Wednesday, February 29, 2012

New Osprey: The Fall of English France 1449-53

Ever wonder how the English managed to lose the Hundred Years War?  I mean there's all those wretched French defeats at Crecy, Poitiers, and Agincourt.  French soldiers drown at Sluys and are shot to pieces at the less well known Verneuilles.  Why don't those silly Frenchmen speak English and eat bangers and mash instead of snails?
In his last Osprey Campaigns book on the Battle of Orleans in 1430, David Nicolle began to tell the story of how the tide began to turn against the English in France.  Nicolle wraps up the story of the English in France with this volume.  Nicolle primarily focuses on the Battle of Formigny and the fall of Normandy in 1450, and the collapse of English Gascony after the battle of Castillon in 1453. Nicolle has a fine narrative style and tells the story well, within the constraints of his limited space.  Would love to see an accompanying Men-at-Arms book on the evolution of the French army from a feudal force to a royal army, with emphasis on the development of the Bureaus' mobile artillery arm.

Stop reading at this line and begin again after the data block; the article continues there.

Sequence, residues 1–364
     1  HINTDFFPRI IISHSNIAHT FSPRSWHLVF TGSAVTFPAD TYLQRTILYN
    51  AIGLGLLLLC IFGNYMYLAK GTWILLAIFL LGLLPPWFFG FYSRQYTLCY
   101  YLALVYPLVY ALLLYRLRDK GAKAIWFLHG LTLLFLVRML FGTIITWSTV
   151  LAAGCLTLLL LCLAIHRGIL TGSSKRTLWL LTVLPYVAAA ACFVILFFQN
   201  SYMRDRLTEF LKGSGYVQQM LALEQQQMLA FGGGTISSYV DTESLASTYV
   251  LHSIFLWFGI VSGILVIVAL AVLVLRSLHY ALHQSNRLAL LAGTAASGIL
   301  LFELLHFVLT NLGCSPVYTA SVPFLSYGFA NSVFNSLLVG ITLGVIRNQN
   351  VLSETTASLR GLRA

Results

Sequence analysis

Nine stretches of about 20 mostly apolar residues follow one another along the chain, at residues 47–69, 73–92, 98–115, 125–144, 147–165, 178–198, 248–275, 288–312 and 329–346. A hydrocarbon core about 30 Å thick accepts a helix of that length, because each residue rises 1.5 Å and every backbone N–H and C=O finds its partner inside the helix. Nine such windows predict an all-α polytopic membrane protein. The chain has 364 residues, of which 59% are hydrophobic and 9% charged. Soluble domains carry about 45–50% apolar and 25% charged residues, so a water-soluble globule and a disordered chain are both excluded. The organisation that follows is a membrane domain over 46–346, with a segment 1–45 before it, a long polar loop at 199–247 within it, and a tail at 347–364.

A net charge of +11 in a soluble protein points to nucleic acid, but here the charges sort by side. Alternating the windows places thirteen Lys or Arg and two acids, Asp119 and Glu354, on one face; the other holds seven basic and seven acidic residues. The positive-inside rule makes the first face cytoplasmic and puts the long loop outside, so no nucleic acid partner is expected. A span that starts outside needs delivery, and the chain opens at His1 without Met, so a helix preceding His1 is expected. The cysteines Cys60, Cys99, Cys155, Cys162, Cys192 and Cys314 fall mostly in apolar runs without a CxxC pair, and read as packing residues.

The book is good and useful for the wargamer for a number of reasons.  To the degree possible, Nicolle provides details about forces present.  There are a few good color plates of the battles, but not a lot. There are accounts of the battles and maps as well.  There are also a lot of contemporary photos of the location, some in color, which are nice if one is able to visit the battlefields.

If I have a complaint, it isn't the diminishing number of color plates in the Campaign series, it is the maps.  They are much better at showing movements of bodies of troops, rather than showing the battlefield itself.  Both Formigny and Castillon are relatively small.  The former likely had less than 5,000 men total.  Why not a battlefield map rather than a campaign map which really shows very little.